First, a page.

Best comedy clubs in Los Angeles
Dynasty Typewriter’s revitalization of the the Hayworth Theatre couldn’t have come at a better time: The 200-seat performance space absorbed many of the top-notch shows and talent that frequented the shuttered NerdMelt and the Steve Allen Theater. Now, it’s simply the alt comedy space to hit up in L.A., bringing a steady mix of up-and-comers and shockingly huge stars. Adam Sandler and Hannah Gadsby have mounted residencies here, Dan Harmon hosts his Harmontown podcast on Monday nights and Moses Storm occasionally brings along a Team Coco showcase.
Of all the old-school stand-up rooms, the Comedy Store is the only one that’s managed to keep its lineups consistently fresh and funny while staying true to its seedy Sunset Strip roots (it dates back to 1972, when it took over a space that was once the notorious club Ciro’s). Three separate stages host a monstrous array of stand-ups more or less every night of the week, and it counts Marc Maron, Natasha Leggero, Joe Rogan and Joey Diaz among its regulars. The uproarious Roast Battle on Tuesday nights is always a winner, and its long showcases are known for headline-worthy drop-ins (just maybe cash out your two-drink minimum tab before the doldrums of the last hour of the show).
This intimate 1940s-era theater is one of the best place to see A-list comedians and storytellers. When comics like Sarah Silverman, Tig Notaro or Patton Oswalt aren’t doing stand-up, you might see live podcast tapings by Paul F. Tompkins or Paul Scheer, or long-form improv from Thomas Middleditch and Ben Schwartz. Some nights, the comics turn the stage over to (or share it with!) singer-songwriter performances. The ticketing system can be confusing for first-timers: Your advance purchase buys you an unassigned seat; if you want to be in the front row, you’ll need to check in at the club hours in advance to claim your spot.
L.A.’s original UCB location offers three or four shows per night across a variety of disciplines: There’s stand-up, improv, sketch and off-kilter comedy. Many shows at UCB Franklin sell out weeks in advance and fans wait in long lines just to get in the door; chances are, you’re going to see at least one or two current or future sitcom stars in a show here. There’s no bar, but you can BYO from the nearby Gelson’s market. Highlights include Harold Nights, Tuesday’s one-two punch of Put Your Hands Together with Cameron Esposito and Rhea Butcher and Doug Loves Movies, as well as UCB cofounders Matt Walsh, Matt Besser and Ian Roberts in the flagship improv show ASSSSCAT ($14 on Saturdays, but free on Sundays at the nearby UCB Sunset, which offers a more formal auditorium and classrooms for its improv school).
The flagship of the Improv chain is one of the most legendary clubs in Los Angeles, maybe the country. It’s not just a club, it’s a scene. On any given night you can walk in to see one of your favorite comics sitting at the bar and the main room acts are never a let-down. Come early as seats do fill up fast. Next door, at the Lab, catch some of the finest up-and-coming talent in the industry. The shows, which require a two-drink minimum, are an eclectic mix of experimental and independently-produced, often boasting appearances by well-known and respected comedians.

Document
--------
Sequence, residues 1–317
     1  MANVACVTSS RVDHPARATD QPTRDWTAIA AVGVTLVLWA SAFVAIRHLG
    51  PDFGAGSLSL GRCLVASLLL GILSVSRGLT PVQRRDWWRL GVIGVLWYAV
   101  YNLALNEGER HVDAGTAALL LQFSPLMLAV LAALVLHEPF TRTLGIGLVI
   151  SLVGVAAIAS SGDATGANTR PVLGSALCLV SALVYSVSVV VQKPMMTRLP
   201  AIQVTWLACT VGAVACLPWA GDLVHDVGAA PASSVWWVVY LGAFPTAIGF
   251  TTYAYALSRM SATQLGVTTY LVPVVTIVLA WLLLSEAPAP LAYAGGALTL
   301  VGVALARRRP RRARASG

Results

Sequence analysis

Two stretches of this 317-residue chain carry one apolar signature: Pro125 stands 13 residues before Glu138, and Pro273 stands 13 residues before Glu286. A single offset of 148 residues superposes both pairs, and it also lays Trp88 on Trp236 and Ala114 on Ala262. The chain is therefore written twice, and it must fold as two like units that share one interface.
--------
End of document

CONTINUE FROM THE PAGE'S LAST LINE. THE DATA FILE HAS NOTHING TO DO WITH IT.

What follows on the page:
This Sunset Strip staple is where Dave Chappelle and Dane Cook once had a competition to see who could perform the longest. It’s also where an audience member captured Michael Richards’ racist rant on video. In a nutshell, the Laugh Factory is where to go if you want to see comedy celebrities, for better or worse. The round, glowing orange sign has become an iconic image of L.A. comedy. You’ll need to spring for VIP tickets to guarantee a seat.
The long lines outside this bar aren’t just for the farm-to-bar cocktails slung in this vintage-style drinks den. Those crowds are often waiting to get into comedy nights like the long-running Hot Tub with Kurt and Kristen, hosted by Kurt Braunohler and Kristen Schaal (who bring plenty of their funny friends out each Monday), as well as variety shows like Mixtape and the Super Serious Show.
The holy hall of improvisational and character-based sketch comedy operates a popular theater alongside its extensive program of improv classes. Will Ferrell, Kristen Wiig, Lisa Kudrow and innumerable Saturday Night Live cast members have all shot to stardom from here.
Some of the most legendary names in stand-up come to this hallowed yet funky beach club miles from the Sunset Strip. Jay Leno performs here regularly, and Jerry Seinfeld often shows up when he’s in town. So basically, you get an A-list lineup without having to deal with Hollywood’s chaotic scene. Up-and-coming comics sometimes play the smaller-scale Live at the Lounge series. There is a two drink minimum and dinner on offer, as well.
Watching comedy at the Ha Ha Cafe Club in North Hollywood is like sitting back and relaxing in your own living room. It's one of the most comfortable rooms in town. Stop by to see fresh faces trying out new material. There’s a no-pressure vibe and, while they do drop by on the odd occasion, don’t expect to see any celebrities here.
This Pasadena establishment has been a mainstay in the comedy scene since 1960. Surreptitiously located near a dumpster in an alley off of a one-way street, the spot has welcomed everyone from George Carlin to George Lopez over the years. A two-drink minimum is enforced, plus dinner is now on offer; if you eat before the show you’ll get saved preferred seats in the intimate theater.
You can stop in at about any time of night, any day of the week and see comics at all levels at this Burbank club. Parking is simple and free in a complex right next door. There are typically multiple shows going on in the different rooms and the waitstaff is friendly and efficient as they bring drinks and a full food menu. Flappers is spacious, and the 1920s ambience brings its own special vibe conducive to watching comedy.